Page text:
Johnson during his presidency would be swayed by the Southern oligarchs and would attempt to veto a civil rights bill being passed through congress which outraged the nation, and congress would overrule his veto (Du Bois 283). This implication of this bill was that all citizens who fell under its blanket would be property of the state and that congress would have the power to abolish laws which discriminate against citizens. However, the problem continued because to be considered a citizen would mean to have the right to vote during this time.  This mentality of citizenship and suffrage being connected came from the Northern manufacturers who were attempting to gain more power in congress and weaken the South (Du Bois 287). This economic battle between the North and South influenced the rights of the citizens of America. The constant question of who is considered a citizen was the focal point of this, and with this suffrage. These political changes would affect the laborers of both the North and South, and partially reveal to the Northerners their own enslavement.

To the Northern laborers, the dismantling of the Southern slave system was a means of allowing for their own economic success. In a sense, the Northern laborers had already begun to deify material success, as their reason for ending slavery was part of their own greed and fear of economic failure (Du Bois 18). In the South, the slaves were enslaved physically but in the North the laborers were enslaved by the manufacturers and the economy. The Northern labor felt the pressure to own property as it was a requirement for suffrage, and with that a vicious cycle of economic enslavement. This economic enslavement was what Johnson had originally stood up against. However, he would fall prey to the Southern oligarchs and create difficulties in providing freedom through suffrage. When Johnson is later confronted on his lack of legislation ending slavery, his misinformation from Southern oligarchs became clear as he believed the slaves and poor blacks despised poor whites (Du Bois 298). The truth of this matter was explained by the delegation who explained how the hostility between poor whites and slaves was created by slave owners as a means of dividing the people. This division of people by the slave owners would have seemingly been prevented by the civil rights bill, however the specific implications of it create a loophole of sorts, the issue of citizenship as a requirement for protection.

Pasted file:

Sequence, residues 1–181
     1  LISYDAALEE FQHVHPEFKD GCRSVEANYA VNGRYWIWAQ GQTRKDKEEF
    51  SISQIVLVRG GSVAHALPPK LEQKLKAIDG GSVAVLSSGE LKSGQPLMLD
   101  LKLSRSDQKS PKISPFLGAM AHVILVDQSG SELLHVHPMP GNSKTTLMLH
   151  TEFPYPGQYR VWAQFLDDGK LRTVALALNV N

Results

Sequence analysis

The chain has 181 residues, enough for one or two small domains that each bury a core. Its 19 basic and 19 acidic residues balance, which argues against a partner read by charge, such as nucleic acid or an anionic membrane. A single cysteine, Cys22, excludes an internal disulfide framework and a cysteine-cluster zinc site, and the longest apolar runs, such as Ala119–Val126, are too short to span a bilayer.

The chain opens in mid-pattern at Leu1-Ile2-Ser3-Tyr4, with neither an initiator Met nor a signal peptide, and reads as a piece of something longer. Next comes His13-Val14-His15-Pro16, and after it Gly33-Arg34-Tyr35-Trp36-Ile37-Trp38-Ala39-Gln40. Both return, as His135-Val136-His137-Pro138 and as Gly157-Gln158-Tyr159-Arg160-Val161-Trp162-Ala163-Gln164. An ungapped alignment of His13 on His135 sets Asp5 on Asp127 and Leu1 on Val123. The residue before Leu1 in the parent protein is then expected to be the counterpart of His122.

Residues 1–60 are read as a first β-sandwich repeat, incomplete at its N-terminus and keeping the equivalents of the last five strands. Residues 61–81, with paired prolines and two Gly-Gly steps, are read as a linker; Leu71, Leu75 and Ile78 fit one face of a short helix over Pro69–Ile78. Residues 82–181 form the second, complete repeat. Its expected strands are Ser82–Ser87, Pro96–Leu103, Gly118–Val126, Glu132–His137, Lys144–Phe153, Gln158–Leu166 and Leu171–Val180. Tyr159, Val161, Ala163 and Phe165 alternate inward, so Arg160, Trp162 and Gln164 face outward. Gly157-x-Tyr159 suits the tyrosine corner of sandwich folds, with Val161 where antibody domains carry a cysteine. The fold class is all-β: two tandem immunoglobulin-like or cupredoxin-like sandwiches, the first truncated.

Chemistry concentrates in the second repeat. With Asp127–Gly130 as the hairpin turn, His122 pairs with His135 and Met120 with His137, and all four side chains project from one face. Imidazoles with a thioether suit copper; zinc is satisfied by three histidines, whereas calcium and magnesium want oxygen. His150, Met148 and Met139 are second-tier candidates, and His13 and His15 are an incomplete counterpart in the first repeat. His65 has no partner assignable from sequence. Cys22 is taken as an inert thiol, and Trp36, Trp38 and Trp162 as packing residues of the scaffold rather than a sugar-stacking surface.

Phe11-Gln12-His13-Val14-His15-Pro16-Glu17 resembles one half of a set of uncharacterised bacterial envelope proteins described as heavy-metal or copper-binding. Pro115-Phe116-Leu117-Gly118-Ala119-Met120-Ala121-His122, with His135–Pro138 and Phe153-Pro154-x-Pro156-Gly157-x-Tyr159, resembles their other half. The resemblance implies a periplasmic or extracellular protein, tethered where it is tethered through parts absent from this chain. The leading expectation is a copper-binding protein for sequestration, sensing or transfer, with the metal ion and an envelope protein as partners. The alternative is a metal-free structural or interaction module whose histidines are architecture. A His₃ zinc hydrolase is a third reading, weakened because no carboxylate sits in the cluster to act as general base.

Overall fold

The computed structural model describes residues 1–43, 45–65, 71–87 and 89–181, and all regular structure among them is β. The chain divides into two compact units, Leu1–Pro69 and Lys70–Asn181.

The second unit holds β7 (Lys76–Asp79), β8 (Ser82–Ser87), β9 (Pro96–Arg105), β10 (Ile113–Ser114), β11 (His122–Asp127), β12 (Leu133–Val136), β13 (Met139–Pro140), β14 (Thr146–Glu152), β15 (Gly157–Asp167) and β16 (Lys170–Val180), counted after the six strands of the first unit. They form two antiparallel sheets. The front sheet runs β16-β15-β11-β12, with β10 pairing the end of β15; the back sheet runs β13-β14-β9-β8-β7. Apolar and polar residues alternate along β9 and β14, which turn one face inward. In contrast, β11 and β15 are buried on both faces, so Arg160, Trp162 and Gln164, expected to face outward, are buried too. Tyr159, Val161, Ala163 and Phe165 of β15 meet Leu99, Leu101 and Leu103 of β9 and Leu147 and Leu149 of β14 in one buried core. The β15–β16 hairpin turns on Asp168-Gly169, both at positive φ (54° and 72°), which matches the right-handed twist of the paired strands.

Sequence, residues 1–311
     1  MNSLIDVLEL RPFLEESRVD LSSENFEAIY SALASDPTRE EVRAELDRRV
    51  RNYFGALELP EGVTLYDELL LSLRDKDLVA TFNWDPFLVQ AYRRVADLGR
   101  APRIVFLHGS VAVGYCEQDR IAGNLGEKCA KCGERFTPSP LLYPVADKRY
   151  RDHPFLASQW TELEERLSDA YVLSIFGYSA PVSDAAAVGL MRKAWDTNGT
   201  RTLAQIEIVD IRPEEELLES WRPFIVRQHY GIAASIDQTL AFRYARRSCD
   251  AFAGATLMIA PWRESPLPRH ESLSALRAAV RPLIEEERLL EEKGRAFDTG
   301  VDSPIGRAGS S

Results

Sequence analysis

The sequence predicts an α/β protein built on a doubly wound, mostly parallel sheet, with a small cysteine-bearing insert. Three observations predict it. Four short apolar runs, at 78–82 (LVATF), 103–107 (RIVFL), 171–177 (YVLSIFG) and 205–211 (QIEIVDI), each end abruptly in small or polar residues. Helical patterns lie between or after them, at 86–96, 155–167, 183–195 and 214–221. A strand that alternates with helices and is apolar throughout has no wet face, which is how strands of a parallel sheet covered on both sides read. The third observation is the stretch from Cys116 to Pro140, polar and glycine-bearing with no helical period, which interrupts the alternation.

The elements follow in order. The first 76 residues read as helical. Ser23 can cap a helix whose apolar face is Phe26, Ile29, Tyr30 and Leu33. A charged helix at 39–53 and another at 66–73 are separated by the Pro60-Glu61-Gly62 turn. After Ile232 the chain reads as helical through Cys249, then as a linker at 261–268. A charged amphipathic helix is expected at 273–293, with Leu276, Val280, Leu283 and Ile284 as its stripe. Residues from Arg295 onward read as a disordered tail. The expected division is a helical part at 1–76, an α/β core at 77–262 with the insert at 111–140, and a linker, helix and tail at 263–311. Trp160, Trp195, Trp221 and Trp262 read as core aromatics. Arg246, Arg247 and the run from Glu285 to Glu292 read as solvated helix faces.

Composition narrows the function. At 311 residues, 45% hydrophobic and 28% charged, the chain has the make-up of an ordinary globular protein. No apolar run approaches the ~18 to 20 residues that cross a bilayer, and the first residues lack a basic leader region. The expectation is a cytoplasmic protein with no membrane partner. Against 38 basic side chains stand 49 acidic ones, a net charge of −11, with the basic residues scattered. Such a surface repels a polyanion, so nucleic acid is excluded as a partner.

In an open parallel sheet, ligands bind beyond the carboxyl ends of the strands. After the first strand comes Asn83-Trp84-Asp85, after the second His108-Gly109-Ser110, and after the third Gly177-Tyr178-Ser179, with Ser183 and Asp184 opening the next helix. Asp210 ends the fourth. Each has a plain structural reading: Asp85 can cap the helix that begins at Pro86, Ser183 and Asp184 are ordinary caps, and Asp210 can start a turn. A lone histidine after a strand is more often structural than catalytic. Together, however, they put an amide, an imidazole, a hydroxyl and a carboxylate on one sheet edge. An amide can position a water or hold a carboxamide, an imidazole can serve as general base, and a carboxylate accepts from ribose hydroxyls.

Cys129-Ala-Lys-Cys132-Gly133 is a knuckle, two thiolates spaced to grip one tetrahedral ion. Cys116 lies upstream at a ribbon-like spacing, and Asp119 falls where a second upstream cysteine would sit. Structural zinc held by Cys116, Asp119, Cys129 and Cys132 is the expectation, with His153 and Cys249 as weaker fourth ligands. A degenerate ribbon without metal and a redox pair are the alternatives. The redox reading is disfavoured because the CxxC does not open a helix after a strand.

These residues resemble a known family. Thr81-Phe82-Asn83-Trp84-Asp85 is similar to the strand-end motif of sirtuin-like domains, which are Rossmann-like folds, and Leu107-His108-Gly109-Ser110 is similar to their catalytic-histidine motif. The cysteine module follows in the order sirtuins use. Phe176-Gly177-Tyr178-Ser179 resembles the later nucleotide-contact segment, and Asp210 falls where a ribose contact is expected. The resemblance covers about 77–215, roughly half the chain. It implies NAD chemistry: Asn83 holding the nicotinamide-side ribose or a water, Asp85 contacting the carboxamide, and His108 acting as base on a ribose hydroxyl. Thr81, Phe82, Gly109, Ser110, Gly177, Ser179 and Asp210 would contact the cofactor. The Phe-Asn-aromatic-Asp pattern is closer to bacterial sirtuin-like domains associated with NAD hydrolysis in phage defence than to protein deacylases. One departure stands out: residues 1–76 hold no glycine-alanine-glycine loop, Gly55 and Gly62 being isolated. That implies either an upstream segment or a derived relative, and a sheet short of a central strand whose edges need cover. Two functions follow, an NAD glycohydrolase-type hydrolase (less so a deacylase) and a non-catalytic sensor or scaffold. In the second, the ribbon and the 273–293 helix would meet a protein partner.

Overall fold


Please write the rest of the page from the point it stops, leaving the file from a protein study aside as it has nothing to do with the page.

The underlying problem presented through this historical reality is that suffrage is needed for citizens to participate in government. Without suffrage, citizens are unable to have any say in political policies which influence their lives and thus the economic realities in which they are a part of. Without this right, those in power and the political economy have complete control over their lives and can limit their decisions. Furthermore, this historical reality portrays three key issues which would lead to the modern deification of material prosperity. First, those in power are capable of controlling information and thus through signification, can sway the minds of others and control what is considered a necessity in society. Secondly, the economic realities of the North and South created different images in the minds of laborers regardless of ethnicity, economic status, or creed. In the North, the fear of losing income and property created a fear of slaves and thus a barrier for unification of people. On the other hand, the slave reality of the South controlled by slave owners created a division between individuals as a means of dividing and conquering the laborers and furthering the status quo. Lastly, the implications of the civil rights bill created a possibility for either unification or division.